Temples and Idols in this age of reasoning
What do temples and idols mean for your life in the modern age? Beliefnet expert Ram Lingam provides enlightenment on the issue.
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The Indian terms for temple are mandir, ambalam, koil or kovil, deool, devasthaanam, devaalaya etc depending on the regional language. The commonly used word ‘Mandir’ comes from the Sanskrut root ‘Mandaté’, which means to be filled with transcendent emotion, to delight or to shine.
Temples in the age of reasoning
In Sanaatana dharma (Hinduism), GOD or supreme reality is invoked, contemplated upon and worshipped in three abodes depending on the mental capacity of the seeker. In the dharma traditions of India, GOD is worshipped within a) one’s own self; b) at an altar in our homes and c) in a temple or holy place out in the community.
There are numerous instances of saints who have got their complete insight (darshan) of the ‘Absolute Truth’, which have now become holy pilgrimage places. While the enlightened person realises God in all the three abodes, the sceptic struggles to find GOD in any of them. In our age of reasoning, questions like ‘why should I visit a temple’ or ‘why we use idols in temples' are but natural, to which even the temple goers or pundits fail to give contemporary answers.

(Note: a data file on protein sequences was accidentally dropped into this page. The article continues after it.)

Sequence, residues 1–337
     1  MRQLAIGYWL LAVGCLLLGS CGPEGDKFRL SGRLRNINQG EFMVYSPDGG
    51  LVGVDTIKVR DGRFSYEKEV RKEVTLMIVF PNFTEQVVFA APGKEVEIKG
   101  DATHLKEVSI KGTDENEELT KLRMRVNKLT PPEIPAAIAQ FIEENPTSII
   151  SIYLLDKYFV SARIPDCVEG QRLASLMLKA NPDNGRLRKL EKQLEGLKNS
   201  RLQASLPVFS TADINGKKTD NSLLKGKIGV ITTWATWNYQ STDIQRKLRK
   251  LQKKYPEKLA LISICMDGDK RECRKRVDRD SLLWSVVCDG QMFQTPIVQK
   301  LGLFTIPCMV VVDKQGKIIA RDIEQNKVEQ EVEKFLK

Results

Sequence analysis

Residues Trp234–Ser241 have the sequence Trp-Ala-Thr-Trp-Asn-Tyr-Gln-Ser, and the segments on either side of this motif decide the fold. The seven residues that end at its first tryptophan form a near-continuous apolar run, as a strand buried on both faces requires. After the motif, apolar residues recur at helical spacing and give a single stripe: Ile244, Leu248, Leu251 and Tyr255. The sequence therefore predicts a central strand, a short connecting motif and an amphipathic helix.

Rational answers for practices in dharma can be found in the teachings of Master from the wisdom traditions of India where reasoning has a firm foundation. The wisdom traditions of India particularly Vedanta (end portion of Vedas) allows inquiry into truth. There is no place for blind faith and the questions on dharmic religions are answered in a free atmosphere of investigation.
‘If God is all-pervading but why do we have to worship at temples?”. To this a Vedanta teacher explains, “In a democracy, the government of a country is present at every point within the frontiers of that nation. Yet when I want to invoke the government for permit or for help, I must reach the capital city, approach the right departmental head, and invoke government’s protection or patronage. Though the Lord is all pervading, to invoke Him we need an altar.”He adds, “You know that the essence in the cow is in her milk and it pervades her entire vital body. Yet, if I want to milk the cow, though milk is all pervading, I cannot get it by squeezing her horns or tail. We must go to the udder. Think!”